The editorial staff of Italian financial daily, Il Sole 24 Ore, yesterday decided to call a three-day strike, Franco Abruzzo, the former president of the Lombardy region's Ordine dei Giornalisti, reported.
A staff meeting effectively passed a motion of no confidence in the editor-in-chief, Gianni Riotta. The staff representative committee will decide when to call the strike, awaiting the board of directors meeting, planned for January 16th, when the newspaper's global situation will be analysed.
Riotta is accused of having caused a loss of 54 000 copies in the past 18 months. And despite the Sunday supplement Il Domenicale's transformation to a tabloid format, which Riotta strongly supported, resulting in a flop, he has still insisted on pursuing converting the daily paper to that format.
On January 7, Affaritaliani.it published an email from Nicola Borzi, journalist and former member of the Sole 24 Ore staff representative committee, in which he released the "real" figures of the Confindustria publisher group's balance sheet. Attaching the files, Borzi showed the newspaper's collapse in circulation and the €24.6 million loss, which has increased by 11.64% compared with last year.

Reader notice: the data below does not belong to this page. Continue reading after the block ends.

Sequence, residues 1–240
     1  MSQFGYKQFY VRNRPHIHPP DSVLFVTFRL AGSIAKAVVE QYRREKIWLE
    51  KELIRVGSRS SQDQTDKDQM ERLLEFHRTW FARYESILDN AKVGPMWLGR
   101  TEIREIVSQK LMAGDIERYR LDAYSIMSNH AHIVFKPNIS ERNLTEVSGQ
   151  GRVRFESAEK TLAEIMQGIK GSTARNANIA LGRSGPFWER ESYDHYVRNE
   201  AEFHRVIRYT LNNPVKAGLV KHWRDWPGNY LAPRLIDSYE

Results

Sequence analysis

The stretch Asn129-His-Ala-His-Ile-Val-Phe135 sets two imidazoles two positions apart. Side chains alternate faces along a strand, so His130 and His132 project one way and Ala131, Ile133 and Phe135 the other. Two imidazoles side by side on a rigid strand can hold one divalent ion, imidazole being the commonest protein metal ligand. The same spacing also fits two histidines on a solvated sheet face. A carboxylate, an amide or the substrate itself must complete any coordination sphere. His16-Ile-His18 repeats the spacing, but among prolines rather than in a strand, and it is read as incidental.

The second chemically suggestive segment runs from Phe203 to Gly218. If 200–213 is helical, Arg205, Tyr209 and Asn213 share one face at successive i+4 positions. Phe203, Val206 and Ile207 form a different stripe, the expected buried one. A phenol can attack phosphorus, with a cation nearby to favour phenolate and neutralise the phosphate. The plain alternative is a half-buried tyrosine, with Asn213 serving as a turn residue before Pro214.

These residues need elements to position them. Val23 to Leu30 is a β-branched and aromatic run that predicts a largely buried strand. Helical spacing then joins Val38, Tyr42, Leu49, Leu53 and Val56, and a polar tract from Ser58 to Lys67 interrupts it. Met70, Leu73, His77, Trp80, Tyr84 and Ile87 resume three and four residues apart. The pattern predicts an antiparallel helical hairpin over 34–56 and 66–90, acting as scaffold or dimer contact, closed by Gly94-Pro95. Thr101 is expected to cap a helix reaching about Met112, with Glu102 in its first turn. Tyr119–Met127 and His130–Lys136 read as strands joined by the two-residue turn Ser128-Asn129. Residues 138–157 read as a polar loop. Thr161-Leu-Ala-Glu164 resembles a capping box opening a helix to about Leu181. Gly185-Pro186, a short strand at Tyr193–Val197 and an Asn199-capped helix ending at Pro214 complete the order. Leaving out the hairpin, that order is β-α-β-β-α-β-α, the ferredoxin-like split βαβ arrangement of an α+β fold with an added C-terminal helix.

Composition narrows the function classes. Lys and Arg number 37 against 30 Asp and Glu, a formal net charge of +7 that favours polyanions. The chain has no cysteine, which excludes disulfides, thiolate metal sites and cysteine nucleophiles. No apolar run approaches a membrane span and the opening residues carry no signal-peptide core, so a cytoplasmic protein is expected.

The new tabloid format of Il Domenicale should have been the first step toward the daily paper becoming tabloid too. But a study on the negative effects of the format on advertising, prepared by Andrea Chiapponi, former director of System, the advertising agency of the group Il Sole 24 Ore, previously revealed that the change might imply a drop of about 15-25% of income.
As Piero Macrì noted on EJO's website, "the crisis of Il Sole has to be analysed in a broader perspective, not just referring to the general crisis the press is facing. It is due to an unsatisfactory editorial strategy". Il Sole - Macrì says - is one of the few European newspapers that despite being the Italian financial newspaper par excellence has not been able to increase the value of its position.
He noted that there are examples in Italy of successful newspapers, such as Il Giornale and Il Fatto Quotidiano, which, no matter their political views, have been able to build a winning position in the printed market, based on a strong identity.